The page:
The goal of McTiernan’s intervention was to determine whether women with a history of moderate or severe weight cycling were disadvantaged in losing weight when compared to non-weight-cyclers. In the study, 77 women (18 percent) met the criteria for severe weight cycling – having reported losing 20 or more pounds on three or more occasions, and 24 percent (103 women) met the criteria for moderate weight cycling – having reported losing 10 or more pounds on three or more occasions. In the study – based on data from 439 over-weight-to-obese, sedentary Seattle-area women 50 to 75 years old – participants were divided into four groups: a reduced-calories diet, exercise only (mainly brisk walking), reduced-calorie diet plus exercise, and a control group that received no intervention. After one year, the diet-only and diet-plus-exercise groups lost an average of 10 percent of body weight – the goal of the intervention.

At the study’s close, researchers found no significant differences with regard to ability to successfully participate in the diet and/or exercise programs between those who yo-yo dieted and those who did not. No significant differences were found between yo-yoers and non-yo-yoers on other physiological factors such as blood pressure, insulin sensitivity, and blood concentrations of hormones such as leptin, which helps make one feel full/satiated, and adiponectin, which helps regulate glucose levels.

The study report is significant because . “To our knowledge, no previous studies have examined the effect of prior weight cycling on the body composition, metabolic and hormonal changes induced by a comprehensive lifestyle intervention in free-living women,” the authors wrote.

Sponsored by the National Cancer Institute and the Canadian Institutes of Health, the study included investigators at Harvard Medical School, the National Cancer Institute and the University of Washington.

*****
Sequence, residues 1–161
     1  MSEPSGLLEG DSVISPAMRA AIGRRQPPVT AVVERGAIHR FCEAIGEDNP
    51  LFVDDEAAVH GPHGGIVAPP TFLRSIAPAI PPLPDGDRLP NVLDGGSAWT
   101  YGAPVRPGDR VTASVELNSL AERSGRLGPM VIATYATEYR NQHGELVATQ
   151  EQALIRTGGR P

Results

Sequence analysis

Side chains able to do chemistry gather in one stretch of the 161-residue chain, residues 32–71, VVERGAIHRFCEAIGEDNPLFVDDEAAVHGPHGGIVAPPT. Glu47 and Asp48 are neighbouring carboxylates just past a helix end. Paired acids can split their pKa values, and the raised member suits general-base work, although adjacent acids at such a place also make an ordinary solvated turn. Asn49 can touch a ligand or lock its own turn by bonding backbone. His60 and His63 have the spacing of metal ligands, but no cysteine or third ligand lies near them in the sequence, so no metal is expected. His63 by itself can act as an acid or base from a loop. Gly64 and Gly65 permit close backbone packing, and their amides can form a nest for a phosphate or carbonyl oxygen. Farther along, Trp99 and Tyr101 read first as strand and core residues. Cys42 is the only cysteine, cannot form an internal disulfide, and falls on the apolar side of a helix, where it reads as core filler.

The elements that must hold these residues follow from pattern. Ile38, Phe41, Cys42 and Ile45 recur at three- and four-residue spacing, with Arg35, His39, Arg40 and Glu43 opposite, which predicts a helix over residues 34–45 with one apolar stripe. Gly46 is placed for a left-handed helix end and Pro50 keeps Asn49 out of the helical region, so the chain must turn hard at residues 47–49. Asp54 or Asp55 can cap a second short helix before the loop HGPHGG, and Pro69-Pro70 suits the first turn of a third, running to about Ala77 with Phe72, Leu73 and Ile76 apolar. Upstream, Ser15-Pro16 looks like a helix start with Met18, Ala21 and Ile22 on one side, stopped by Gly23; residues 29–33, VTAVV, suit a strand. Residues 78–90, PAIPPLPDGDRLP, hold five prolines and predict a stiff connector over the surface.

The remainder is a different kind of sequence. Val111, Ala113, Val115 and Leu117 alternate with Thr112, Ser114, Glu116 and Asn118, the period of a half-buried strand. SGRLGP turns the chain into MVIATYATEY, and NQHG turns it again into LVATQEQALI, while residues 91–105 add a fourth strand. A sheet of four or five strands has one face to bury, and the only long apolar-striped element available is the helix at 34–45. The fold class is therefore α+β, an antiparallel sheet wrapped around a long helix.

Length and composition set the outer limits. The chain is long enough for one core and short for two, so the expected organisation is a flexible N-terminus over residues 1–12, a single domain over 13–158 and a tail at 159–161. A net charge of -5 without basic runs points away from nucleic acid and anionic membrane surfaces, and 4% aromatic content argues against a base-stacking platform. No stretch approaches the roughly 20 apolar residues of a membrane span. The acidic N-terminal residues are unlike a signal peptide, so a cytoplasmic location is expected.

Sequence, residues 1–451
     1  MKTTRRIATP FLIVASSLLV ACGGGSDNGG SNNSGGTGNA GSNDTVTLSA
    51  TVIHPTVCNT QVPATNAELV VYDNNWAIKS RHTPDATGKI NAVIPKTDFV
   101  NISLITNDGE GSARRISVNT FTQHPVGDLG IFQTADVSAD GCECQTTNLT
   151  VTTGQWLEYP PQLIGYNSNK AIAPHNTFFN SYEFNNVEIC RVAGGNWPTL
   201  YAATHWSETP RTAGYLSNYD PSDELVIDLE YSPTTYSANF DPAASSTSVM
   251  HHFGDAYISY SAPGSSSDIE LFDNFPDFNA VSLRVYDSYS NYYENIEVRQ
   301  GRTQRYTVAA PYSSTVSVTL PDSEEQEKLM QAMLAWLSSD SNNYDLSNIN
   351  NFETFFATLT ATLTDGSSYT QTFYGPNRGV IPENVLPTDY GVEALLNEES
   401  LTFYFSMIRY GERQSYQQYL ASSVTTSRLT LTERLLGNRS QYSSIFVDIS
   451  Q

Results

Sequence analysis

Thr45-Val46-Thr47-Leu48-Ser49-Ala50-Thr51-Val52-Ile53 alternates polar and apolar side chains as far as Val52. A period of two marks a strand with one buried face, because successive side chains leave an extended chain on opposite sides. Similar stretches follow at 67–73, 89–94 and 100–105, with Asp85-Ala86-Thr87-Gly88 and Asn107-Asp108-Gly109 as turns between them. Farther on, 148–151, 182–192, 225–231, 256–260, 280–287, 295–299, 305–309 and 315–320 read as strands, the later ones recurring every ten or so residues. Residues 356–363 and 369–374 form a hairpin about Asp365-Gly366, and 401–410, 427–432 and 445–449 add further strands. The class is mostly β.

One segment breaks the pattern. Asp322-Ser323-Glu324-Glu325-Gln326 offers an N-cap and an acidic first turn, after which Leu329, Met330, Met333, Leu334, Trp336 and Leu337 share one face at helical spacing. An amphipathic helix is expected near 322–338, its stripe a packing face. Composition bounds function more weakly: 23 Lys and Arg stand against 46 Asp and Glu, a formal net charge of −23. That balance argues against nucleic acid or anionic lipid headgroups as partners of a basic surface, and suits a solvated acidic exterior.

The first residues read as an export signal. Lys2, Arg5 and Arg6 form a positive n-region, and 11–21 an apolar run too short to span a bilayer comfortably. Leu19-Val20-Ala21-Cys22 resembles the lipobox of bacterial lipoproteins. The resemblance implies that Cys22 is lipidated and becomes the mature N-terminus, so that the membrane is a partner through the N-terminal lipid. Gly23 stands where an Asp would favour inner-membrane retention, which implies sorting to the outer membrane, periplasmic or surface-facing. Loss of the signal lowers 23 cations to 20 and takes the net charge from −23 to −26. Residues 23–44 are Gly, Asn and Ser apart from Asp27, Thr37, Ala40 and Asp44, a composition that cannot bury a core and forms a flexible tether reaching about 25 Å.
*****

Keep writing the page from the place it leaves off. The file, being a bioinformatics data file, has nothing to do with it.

Francis J. (Skip) Flynn, Psy. D.

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Use It or Lose

It ain’t no muscle. But, it sure is an energy hot.

Weighing in at about three pounds in the average adult, the human brain represents about 2 to 3 percent of the body’s weight but consumes 20 percent of its total energy output.

And, now there’s science-based evidence that – in a very significant way – the brain behaves like a muscle: It obeys the old gym law “Use It Or Lose It.”

Neuroscientists have known for a long time that a baby’s brain generates roughly twice as many nerve cells as it needs to function; through “paring” at various stages of infancy/childhood/adolescence, the brain ultimately eliminates those cells that do not receive sufficient chemical and electrical stimulation to survive. The process, often called “apoptosis” or “programmed” cell death, occurs when a brain cell, neuron, loses its battle with other cells to receive essential stimulation. Based on studies of the developing brain, researchers at the Queensland Brain Institute of The University of Queensland (Australia) have identified a critical clue to understanding why nerve cells die in neurodegenerative diseases. This self-destructive process is not only a normal part of human brain development, but it also plays a role in strokes, Alzheimer’s and motor neuron diseases, leading to the loss of essential nerve cells from the adult brain.

Reporting in the Journal of Neuroscience, Dr. Elizabeth Coulson and her colleagues have identified stimulation as a critical factor in the cell-death process. “It appears that if a cell is not appropriately stimulated, it self-destructs,” reports Dr. Coulson. “We know that a lack of both chemical and electrical stimulation causes the cells to self-destruct. But we believe that nerve cells will survive if appropriate electrical stimuli are produced to block the self-destruct process we have identified.”

A next step in research will be to determine whether dying cells receiving only electrical stimulation can be rescued. While years of research have been critical in determining factors regulating nerve cell survival, it will be a long process to combat neurodegeneration.

Francis J. (Skip) Flynn, Psy. D.